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Doomed high schools get new names

TimesLedger Newspapers

The seven Queens schools that the city Panel for Educational Policy voted to close were given new names last week, but two western Queens legislators said they were more concerned with the future results of the closure.

“I understand the symbolic importance of changing the names of these schools, but it doesn’t make what happened any less frustrating or disappointing,” state Sen. Jose Peralta (D-East Elmhurst) said in a statement.

In late April, the panel voted to shut multiple high schools across the city that had been classified as persistently lowest-achieving, which is defined as having graduation rates of less than 60 percent in previous years. In the closure, or “turnaround” model, the schools will be closed at the end of the 2011-12 school year with at least 50 percent new staff and a new name.

City Schools Chancellor Dennis Walcott announced those names for the schools last Thursday. In western Queens, Long Island City High School, at 14-30 Broadway in Astoria, is now Global Scholars Academies of Long Island City; William Cullen Bryant HS, at 48-10 31st Ave. in Astoria, has had its name changed to Academy of Humanities and Applied Science at the William Cullen Bryant Campus; and Newtown HS, at 48-01 90th St. in Elmhurst, is now College and Career Academies HS at Newtown Campus.

Walcott said in a statement the new names, chosen by the institutions, honor the schools’ histories and a potential better future.

“This is an exciting day for thousands of students and their school communities, turning a page and looking ahead to a fresh start next fall,” Walcott said.

But state Assemblywoman Aravella Simotas (D-Astoria), an alumna of Bryant HS who has both that school and the former Long Island City HS in her district, said the new names are the least pressing concern in the radical remake of the schools.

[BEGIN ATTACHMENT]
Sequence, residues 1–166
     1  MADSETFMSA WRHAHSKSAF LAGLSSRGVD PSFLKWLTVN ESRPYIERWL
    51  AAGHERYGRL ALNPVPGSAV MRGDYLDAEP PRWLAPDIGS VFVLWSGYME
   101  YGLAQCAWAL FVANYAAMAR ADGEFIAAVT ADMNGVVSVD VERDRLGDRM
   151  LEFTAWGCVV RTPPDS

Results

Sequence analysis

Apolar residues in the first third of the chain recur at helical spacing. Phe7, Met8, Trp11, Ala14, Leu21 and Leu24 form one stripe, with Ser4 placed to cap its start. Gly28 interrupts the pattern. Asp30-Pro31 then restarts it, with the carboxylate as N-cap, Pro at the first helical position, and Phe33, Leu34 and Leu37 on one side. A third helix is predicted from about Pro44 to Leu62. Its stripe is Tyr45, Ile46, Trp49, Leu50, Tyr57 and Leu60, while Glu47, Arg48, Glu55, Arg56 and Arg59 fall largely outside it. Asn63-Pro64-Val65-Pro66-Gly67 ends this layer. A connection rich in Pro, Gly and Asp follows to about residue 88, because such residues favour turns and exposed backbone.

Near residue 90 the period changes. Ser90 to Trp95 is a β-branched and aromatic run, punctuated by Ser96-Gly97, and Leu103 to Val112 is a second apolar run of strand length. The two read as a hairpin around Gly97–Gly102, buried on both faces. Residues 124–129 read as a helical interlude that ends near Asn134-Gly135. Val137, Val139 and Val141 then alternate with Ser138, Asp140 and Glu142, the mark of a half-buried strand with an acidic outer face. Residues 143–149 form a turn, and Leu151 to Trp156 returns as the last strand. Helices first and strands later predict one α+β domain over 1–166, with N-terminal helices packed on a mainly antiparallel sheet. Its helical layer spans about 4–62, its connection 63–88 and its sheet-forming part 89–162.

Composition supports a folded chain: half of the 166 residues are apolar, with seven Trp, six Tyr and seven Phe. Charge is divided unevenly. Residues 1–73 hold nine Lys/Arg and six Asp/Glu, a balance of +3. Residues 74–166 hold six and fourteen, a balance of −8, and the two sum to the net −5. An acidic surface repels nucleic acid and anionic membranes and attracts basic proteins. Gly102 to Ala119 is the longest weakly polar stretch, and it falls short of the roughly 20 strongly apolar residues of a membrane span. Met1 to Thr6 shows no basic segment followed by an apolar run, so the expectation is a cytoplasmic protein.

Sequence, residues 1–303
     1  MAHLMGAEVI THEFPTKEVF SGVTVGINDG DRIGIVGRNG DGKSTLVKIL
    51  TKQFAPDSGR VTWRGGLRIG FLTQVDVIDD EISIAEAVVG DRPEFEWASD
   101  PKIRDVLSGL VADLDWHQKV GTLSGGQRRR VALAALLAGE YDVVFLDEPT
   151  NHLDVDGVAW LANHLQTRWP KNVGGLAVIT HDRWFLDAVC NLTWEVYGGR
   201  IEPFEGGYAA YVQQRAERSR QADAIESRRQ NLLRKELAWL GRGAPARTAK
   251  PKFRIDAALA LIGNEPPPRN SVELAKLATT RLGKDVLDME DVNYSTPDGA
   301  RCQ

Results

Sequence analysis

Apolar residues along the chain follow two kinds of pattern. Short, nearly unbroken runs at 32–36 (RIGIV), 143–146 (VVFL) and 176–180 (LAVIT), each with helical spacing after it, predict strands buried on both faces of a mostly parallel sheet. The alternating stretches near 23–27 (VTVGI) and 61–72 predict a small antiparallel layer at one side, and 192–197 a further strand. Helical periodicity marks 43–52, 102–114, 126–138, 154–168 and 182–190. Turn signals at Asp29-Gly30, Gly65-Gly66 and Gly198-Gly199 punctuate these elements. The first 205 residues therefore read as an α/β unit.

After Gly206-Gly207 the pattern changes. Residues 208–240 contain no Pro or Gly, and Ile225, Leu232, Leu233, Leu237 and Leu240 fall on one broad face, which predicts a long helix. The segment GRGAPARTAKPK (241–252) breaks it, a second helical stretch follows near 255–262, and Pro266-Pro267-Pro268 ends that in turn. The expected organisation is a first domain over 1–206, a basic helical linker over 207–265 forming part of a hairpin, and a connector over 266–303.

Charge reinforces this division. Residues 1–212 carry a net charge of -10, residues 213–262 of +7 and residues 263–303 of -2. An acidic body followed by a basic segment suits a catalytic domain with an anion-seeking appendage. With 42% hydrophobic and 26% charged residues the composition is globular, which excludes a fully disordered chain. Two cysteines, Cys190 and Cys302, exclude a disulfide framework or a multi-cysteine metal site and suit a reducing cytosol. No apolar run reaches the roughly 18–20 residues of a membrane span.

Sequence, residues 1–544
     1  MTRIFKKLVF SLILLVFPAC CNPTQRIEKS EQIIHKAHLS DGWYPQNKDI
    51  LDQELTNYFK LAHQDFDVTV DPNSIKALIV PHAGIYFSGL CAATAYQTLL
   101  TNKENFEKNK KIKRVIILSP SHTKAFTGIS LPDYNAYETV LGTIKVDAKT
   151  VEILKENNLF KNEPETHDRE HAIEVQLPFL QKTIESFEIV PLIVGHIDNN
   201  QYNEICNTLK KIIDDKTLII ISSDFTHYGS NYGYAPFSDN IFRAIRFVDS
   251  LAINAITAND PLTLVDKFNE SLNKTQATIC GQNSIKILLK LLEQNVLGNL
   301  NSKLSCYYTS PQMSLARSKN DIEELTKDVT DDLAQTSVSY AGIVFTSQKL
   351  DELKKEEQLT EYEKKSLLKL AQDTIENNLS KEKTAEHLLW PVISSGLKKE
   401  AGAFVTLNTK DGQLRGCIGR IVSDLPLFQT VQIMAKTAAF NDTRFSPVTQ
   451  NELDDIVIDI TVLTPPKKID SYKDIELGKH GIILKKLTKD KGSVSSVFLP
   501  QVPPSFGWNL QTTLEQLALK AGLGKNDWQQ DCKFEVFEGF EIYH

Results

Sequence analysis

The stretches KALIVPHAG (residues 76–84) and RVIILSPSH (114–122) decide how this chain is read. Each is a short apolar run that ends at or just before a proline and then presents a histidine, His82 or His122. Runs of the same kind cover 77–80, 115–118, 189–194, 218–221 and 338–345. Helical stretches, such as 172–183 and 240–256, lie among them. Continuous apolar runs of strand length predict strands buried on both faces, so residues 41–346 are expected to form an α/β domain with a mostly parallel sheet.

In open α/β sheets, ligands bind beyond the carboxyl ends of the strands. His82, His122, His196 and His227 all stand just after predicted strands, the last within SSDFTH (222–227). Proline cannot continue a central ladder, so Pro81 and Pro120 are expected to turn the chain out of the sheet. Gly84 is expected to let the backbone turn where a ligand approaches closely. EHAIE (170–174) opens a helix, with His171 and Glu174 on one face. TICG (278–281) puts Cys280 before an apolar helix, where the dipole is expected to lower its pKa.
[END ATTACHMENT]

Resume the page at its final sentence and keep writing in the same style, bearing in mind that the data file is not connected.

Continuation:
“The things that we should be focused on are the teachers that are going to be teaching at these schools and the feeling among students,” Simotas said.

The assemblywoman said it remains to be seen whether the closure will result in better test or graduation results. She also said the students have been hurt by the classification that they were attending a failing school.

“You can see the emotional strain that it has taken on them this school year,” Simotas said.

The new names for the borough’s other closed schools include the Future Leaders HS at the John Adams Campus, in Ozone Park; School of Opportunities at the August Martin Campus, in Jamaica; the 21st Century School of Richmond Hill; and the Rupert B. Thomas Academy at the Flushing Campus.

Reach reporter Rebecca Henely by e-mail at rhenely@cnglocal.com or by phone at 718-260-4564.

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Reader Feedback

dan anderson from woodside says:
Such nonsense.
Jan. 13, 2013, 6:50 pm

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